Though the score differences seem small, Tanda noted that these effects of prepregnancy obesity were equivalent to a seven-year decrease in the mothers’ education and significantly lower family income, two other known risk factors that negatively affect childhood cognitive function.
Tanda said clinicians could use these findings to help encourage women patients of childbearing age to maintain a healthy weight, especially if they plan to get pregnant.
“This is a large population study, so at the individual level we can’t say that one person’s decision to change her weight will change her child’s outcome,” she said. “But these findings suggest that children born to women who are obese before pregnancy might need extra support.”
Added Salsberry, “It’s not only for their child’s sake. It’s also important for the health of the mother. But it is important to understand that maternal obesity during pregnancy could have implications for their children as well.”
Without actual measures of women’s and fetuses’ insulin levels, inflammation and blood sugar readings, scientists can’t say for sure how prepregnancy obesity might affect the fetal brain. But previous studies have suggested that a mother’s impaired metabolic processes affect the fetal brain cell growth and formation of synapses.
The researchers also noted that obesity doesn’t automatically equate to unhealthy.
“There may be two obese moms that in fact have very different metabolic profiles. For the purposes of this study, her weight is a stand-in for biological data that we would like to have but don’t,” Salsberry said.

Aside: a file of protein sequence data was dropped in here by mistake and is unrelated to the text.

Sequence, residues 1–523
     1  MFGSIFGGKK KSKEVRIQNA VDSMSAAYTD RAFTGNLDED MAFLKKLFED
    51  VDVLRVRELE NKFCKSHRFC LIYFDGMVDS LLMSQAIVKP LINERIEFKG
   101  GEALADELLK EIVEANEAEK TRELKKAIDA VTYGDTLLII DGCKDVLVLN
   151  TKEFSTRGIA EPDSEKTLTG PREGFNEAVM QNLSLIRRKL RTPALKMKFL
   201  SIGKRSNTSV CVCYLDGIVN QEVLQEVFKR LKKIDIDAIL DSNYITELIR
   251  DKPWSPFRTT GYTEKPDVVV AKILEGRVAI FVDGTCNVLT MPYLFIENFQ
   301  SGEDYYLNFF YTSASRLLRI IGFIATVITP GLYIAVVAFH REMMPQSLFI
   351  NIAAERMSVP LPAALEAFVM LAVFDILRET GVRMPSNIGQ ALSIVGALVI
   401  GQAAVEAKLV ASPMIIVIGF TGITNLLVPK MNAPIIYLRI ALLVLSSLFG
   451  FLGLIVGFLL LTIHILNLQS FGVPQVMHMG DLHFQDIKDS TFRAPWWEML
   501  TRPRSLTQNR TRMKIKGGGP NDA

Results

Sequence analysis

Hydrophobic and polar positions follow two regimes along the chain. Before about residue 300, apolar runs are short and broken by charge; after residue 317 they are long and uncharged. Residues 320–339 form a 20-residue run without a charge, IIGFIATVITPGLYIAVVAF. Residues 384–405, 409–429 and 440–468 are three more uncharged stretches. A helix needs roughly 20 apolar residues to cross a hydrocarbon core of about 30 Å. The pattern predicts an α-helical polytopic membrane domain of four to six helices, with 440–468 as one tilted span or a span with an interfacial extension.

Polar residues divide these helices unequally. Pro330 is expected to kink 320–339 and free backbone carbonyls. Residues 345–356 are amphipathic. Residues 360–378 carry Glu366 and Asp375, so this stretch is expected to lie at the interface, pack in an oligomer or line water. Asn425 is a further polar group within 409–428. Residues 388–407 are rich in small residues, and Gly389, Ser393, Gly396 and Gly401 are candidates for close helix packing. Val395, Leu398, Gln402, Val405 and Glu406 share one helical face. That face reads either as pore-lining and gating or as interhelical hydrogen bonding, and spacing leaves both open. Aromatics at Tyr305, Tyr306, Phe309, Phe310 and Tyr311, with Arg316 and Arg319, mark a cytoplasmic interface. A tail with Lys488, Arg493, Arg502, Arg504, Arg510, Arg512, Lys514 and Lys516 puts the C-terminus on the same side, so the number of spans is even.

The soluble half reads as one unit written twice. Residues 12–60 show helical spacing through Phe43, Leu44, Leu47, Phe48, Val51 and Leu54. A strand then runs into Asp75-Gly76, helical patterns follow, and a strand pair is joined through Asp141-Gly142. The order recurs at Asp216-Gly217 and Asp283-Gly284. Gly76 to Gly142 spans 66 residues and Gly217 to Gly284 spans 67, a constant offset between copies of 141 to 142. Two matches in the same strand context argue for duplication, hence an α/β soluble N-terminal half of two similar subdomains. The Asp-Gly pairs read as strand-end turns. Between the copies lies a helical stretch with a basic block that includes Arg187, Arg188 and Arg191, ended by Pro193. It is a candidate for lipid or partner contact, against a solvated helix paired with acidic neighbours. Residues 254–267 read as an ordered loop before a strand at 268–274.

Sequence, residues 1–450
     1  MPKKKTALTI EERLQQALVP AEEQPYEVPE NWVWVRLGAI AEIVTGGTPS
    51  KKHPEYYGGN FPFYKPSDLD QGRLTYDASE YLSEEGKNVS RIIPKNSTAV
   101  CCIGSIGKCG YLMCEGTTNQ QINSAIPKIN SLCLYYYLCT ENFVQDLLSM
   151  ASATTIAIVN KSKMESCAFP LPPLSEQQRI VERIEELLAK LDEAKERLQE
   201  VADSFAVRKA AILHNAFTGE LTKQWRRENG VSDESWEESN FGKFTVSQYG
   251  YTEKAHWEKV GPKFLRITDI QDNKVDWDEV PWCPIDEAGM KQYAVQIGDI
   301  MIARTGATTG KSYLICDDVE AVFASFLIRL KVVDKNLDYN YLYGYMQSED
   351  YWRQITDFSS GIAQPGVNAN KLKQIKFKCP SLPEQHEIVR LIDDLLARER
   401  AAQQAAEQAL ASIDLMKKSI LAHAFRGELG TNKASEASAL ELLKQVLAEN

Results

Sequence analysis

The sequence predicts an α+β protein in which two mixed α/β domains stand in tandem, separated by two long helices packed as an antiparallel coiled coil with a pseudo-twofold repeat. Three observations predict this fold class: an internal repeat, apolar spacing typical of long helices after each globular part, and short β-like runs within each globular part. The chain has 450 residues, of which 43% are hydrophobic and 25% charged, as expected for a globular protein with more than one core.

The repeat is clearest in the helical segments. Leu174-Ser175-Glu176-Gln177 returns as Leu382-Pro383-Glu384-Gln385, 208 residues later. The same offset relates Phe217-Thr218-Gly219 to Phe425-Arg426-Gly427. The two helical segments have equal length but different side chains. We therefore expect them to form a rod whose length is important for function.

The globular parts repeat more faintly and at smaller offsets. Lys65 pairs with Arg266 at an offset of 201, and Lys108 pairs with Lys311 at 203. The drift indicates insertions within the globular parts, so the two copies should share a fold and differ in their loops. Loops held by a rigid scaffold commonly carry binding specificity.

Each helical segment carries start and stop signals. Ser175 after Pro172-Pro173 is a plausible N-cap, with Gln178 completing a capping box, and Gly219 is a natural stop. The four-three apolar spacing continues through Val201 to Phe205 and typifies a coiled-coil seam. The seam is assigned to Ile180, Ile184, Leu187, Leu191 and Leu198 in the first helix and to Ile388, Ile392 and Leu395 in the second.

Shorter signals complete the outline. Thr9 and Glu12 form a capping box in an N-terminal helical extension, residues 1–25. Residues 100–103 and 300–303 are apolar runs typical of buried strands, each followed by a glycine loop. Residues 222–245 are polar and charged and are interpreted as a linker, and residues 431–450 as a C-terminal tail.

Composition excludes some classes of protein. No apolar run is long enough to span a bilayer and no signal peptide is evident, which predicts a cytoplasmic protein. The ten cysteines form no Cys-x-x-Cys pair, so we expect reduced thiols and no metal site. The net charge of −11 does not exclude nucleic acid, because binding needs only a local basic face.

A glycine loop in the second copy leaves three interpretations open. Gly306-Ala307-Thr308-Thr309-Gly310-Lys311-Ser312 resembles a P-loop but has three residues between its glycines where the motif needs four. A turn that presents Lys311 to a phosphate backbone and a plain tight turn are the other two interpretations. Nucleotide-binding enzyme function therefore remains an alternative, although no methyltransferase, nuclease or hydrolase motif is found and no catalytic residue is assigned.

Socioeconomic data from the study supported previous findings that several post-birth conditions can have a positive association with higher children’s cognitive function. These include a stimulating home environment with plenty of books, a safe play environment and frequent family meals; higher family income; and higher maternal education levels and cognitive function. Girls and first-born children also performed better on the math and reading tests than did boys and younger siblings.
With all these data combined, Tanda said, the study also reveals how health disparities can have long-lasting effects.
“Young females who grow up poor, who have less access to healthy foods resulting in diets that are of poorer quality, are at higher risk of having children with disadvantages and repeating this cycle,” she said.
The researchers are continuing to examine additional influences on childhood cognitive function, including race, sex and age differences among mothers.
This study was supported by a grant from the Ruth L. Kirschstein National Research Service Award predoctoral fellowship sponsored by the National Institute of Nursing Research.
Additional co-authors included Patricia Reagan and Muriel Fang of Ohio State’s Department of Economics and the Center for Human Resource Research.